body file_select exclude(name)
body file_select plain
body file_select dirs
body file_select ex_list(names)
body changes detect_all_change
body changes detect_content
body package_method zypper
body package_method apt
body package_method yum
body package_method solaris (pkgname, spoolfile, adminfile)
body package_method freebsd
body volume min_free_space(free)
body mount nfs(server,source)
body mount nfs_p(server,source,perm)
body mount unmount
body select_process exclude_procs(x)
body process_count check_range(name,lower,upper)

By importing this library, a lot of the complexity of lower-level policy writing is taken care of for you. You can also view a web-based version of what these policies contain here.

Looking back at promises.cf, on lines 34-35 we define a custom class using a module. Remember from before, when cf-agent executes in verbose mode, we can see which classes that were discovered. Using basic shell scripts, we can extend this to define whatever classes we want to. Lets take a look at the module we’ve defined.

$ cat /var/cfengine/modules/init_zone-type

#!/bin/bash

PATH=/usr/bin:/usr/sbin

TYPE=`zoneadm list -cp | cut -d: -f2`

if [ "$TYPE" == 'global' ]
then
echo '+global_zone'
else
echo '+local_zone'
fi

So this is super easy. We can execute whatever shell commands we want and use basic logic to determine if we’ve matched that class. If so, echo “+[class_name]” and cf-agent will pick it up. So, if you wanted to create a class for machines with Python installed, specific running processes, etc… The possibilities here are endless. Use modules to define classes of systems. Don’t modify system state – just collect data and make decisions about what type of classes a machine should belong to. Use CFEngine policies to execute changes.

Finally, the last interesting part about promises.cf here is on line 16. We define a separate file for cf-execd. Using Neil Watson’s example tutorial, he split up configuration settings for the separate daemons into their own file. It makes sense, so I followed his example here. Remember, cf-execd actually drives the execution of cf-agent, so lets take a look at this file.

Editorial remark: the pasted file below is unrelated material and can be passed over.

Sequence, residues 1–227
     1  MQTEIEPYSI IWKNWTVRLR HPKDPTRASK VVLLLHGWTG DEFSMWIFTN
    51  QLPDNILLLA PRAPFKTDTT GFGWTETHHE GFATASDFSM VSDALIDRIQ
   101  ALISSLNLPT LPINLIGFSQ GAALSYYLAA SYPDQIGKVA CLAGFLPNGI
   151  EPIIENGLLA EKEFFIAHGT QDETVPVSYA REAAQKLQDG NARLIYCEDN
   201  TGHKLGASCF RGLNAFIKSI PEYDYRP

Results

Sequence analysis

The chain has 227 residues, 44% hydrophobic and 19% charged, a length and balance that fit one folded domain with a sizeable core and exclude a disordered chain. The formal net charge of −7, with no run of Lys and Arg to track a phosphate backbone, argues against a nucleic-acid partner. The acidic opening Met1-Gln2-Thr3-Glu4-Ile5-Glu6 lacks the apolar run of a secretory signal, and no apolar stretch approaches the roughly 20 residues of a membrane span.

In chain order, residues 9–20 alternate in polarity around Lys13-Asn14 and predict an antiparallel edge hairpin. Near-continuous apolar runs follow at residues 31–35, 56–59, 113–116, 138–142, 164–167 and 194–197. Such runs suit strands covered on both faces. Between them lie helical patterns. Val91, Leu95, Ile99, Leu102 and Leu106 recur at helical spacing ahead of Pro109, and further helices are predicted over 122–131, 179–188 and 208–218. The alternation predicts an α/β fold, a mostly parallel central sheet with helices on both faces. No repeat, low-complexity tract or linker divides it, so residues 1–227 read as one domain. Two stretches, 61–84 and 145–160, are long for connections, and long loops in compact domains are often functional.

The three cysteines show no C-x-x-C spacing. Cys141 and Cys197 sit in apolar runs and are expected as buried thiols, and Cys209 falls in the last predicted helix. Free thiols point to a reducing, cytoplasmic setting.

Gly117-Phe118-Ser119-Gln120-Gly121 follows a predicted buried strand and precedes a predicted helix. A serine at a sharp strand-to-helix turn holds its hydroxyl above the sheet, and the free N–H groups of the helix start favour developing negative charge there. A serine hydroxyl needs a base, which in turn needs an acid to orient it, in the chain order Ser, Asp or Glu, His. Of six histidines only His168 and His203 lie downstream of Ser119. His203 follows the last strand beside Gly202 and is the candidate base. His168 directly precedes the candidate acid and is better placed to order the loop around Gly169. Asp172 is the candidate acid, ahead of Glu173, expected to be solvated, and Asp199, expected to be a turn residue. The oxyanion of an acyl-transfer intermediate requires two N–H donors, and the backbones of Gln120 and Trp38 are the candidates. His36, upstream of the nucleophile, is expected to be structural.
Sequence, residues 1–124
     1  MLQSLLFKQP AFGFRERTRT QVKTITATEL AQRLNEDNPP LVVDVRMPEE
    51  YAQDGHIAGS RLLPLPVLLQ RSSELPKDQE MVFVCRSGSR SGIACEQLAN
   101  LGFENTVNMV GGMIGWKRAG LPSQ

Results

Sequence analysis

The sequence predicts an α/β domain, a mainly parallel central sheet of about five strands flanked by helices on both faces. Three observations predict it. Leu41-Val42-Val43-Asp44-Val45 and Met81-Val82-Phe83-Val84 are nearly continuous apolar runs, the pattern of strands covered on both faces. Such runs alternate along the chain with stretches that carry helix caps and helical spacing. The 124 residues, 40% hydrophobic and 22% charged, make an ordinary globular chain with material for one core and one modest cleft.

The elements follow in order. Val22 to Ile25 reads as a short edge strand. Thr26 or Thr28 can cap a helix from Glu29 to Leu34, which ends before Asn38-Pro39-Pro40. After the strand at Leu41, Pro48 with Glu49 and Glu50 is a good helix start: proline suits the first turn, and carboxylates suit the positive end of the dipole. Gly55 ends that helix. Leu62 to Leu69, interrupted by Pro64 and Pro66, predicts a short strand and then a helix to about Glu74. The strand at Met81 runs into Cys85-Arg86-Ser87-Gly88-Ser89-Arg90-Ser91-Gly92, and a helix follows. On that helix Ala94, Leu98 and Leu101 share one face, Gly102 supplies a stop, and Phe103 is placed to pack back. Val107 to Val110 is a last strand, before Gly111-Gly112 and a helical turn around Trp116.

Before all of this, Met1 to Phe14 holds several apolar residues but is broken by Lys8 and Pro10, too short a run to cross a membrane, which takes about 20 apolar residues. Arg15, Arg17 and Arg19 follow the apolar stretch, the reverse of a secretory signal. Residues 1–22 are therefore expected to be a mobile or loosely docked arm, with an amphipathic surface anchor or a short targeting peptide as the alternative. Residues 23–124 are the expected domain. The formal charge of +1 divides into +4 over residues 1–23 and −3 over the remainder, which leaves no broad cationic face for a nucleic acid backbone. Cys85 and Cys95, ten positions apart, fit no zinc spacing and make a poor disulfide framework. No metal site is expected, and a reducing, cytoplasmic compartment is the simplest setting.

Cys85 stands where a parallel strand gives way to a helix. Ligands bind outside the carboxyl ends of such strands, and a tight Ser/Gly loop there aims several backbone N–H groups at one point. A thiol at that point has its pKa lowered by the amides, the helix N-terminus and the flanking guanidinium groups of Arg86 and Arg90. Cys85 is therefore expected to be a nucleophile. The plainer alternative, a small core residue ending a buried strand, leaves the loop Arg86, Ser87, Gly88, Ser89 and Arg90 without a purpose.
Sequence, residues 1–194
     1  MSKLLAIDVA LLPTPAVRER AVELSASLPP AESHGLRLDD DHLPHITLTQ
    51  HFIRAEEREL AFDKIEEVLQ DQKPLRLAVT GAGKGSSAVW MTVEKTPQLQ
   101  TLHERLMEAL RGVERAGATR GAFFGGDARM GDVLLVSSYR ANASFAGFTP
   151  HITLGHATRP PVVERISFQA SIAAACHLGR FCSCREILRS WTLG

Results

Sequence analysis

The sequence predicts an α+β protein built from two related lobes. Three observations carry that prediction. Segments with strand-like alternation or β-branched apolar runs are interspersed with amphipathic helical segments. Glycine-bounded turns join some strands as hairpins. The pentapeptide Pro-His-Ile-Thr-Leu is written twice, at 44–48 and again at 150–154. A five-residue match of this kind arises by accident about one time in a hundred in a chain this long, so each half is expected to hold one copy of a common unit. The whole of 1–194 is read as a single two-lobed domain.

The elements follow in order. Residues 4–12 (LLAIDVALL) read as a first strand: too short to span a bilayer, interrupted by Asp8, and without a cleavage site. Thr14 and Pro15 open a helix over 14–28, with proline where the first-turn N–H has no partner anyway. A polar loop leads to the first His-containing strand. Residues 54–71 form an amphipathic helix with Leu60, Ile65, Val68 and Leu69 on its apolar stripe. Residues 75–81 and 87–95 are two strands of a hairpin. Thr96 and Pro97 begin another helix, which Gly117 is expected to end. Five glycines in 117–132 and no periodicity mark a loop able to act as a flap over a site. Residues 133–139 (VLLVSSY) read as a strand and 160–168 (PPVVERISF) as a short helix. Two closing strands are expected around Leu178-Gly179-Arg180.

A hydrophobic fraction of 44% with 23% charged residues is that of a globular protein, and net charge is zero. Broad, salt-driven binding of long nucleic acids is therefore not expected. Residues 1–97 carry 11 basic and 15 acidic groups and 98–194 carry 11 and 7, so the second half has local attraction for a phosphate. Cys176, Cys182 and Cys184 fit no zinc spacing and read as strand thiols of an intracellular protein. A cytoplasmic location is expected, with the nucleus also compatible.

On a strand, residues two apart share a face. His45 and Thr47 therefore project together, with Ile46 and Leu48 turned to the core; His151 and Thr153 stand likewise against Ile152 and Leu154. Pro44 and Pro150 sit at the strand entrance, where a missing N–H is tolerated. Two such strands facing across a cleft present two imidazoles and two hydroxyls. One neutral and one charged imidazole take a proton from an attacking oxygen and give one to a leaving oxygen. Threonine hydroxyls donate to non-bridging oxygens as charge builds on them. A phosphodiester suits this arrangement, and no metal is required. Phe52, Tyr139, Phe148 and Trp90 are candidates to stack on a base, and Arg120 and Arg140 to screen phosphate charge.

$ cat -n /var/cfengine/inputs/cf-execd.cf

1 body executor control
2 {
3 # Splaytime is a critical varible that determines the "back off" time in minutes for cf-agent
4 # to check in with cf-serverd. Setting this to a higher value like "10" will allow thousands
5 # of clients to pull updates from a single policy server without hammering the network too bad all
6 # at once.
7 splaytime => "10";
8 mailto => "fatkitty@sinatra.com";
9 mailfrom => "root@$(sys.host)";
10 smtpserver => "localhost";
11 schedule => { "Min00_Min10", "Min15", "Min20", "Min25", "Hr07.Min30", "Min35", "Min40", "Min45", "Min50", "Min55" };
12 executorfacility => "LOG_DAEMON";
13
14 # This is the command that actually drives cf-execd to execute cf-agent on the schedule above.
15 exec_command => "${sys.workdir}/bin/cf-agent -f failsafe.cf && ${sys.workdir}/bin/cf-agent";
16 }
17 ##########################################
18 bundle agent garbage_collection
19 {
20 files:
21
22 "$(sys.workdir)/outputs"
23
24 delete => tidy,
25 file_select => days_old("3"),
26 depth_search => recurse("inf");
27 }

That’s it in a nutshell! We’ve traced through normal client operations and how to construct general CFengine policies. To continue to add functionality into what cf-agent will execute upon, just include more *.cf files on the import and bundlesequence statemetns!

CFengine is an extremely powerful tool for controlling the configuration of hundreds / thousands / tens of thousands of machines. Its used at enterprises like Facebook to drive system management. ALWAYS test changes in a dev/test environment BEFORE pushing new policies into production. With a powerful tool, you can damage machines easily!

This article was posted by Mike on 2010-07-02 16:36:00 -0400 EDT